Dignitaries mesmerise patrons at cultural festival

Sheila Tlou leading women to welcome bojalwa ja setswana at Son of the Soil
Sheila Tlou leading women to welcome bojalwa ja setswana at Son of the Soil

The 11th installment of the popular cultural festival, Son Of The Soil (SOTS) hosted at Boetelo Resort in Notwane Farm featured an array of activities such as traditional song, dance, games, poetry and dikhwaere.

The event was graced by dignitaries including former Vice President, Ponatshego Kedikilwe, former Minister of Health and current director of the UNAIDS Regional Support Team for Eastern and Southern Africa, Sheila Tlou, and the Ombudsman, Festina Bakwena.

The dignitaries mesmerised the crowd with their dance moves.

They enjoyed the event as they danced and mingled freely with the people. Tlou and Bakwena led the choir, which received traditional beer and had the first drink to test if it was well brewed.


“I will never miss this event and only death will stop me from celebrating. I have been celebrating it for 11 years now,” Tlou said. She applauded SOTS team for coming up with an initiative to preserve culture.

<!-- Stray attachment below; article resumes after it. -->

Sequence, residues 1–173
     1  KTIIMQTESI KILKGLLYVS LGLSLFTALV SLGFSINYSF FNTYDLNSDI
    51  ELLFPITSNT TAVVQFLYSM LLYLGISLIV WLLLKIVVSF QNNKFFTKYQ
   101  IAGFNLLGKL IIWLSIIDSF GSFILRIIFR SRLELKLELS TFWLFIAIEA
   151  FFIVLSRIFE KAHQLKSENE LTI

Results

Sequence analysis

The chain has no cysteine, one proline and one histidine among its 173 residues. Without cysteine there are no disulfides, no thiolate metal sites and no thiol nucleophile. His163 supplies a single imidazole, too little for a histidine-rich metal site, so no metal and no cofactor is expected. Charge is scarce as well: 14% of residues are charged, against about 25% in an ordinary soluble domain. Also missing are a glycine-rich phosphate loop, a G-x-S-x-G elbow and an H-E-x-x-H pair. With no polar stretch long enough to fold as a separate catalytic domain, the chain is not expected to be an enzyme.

In the morning, boys played chama or gololo using marbles, while girls played diketo, koi and other games.

Individuals who attended the event looked elegant in their different traditional attires including, leteisi (German print). Many people were flamboyant and unique in their clothes.

Among them were women wearing traditional blankets commonly referred to as mogagolwane.  The GaTsh Fros, Gaone Mothibi and Tsholo Dikobe, caught people’s attention with their unique attires. One was clad in a brown leather dress with a touch of orange, while her friend donned orange pants and crop top with a long German print tail in front.

Men looked handsome in their earth colours attires. Some wore animal print t-shirts and muscle tops, while others went for safari shirts, and sleeveless jackets with matching hats. Children also put on traditional attire.  Mogoditshane Senior Secondary School stole the show with their beautiful traditional song and dance. Some of the patrons tried to imitate experienced dancers, creating more fun, as others cheered and laughed at those who could not imitate the dance moves.

In the morning delicious food like chicken feet, necks, intestines (mala), fat cakes, diphaphata and kabu were served.  At lunch time the audience was served traditional cuisine which included seswaa, beef, morogo wa dinawa, bogobe jwa lerotse, and different beans.

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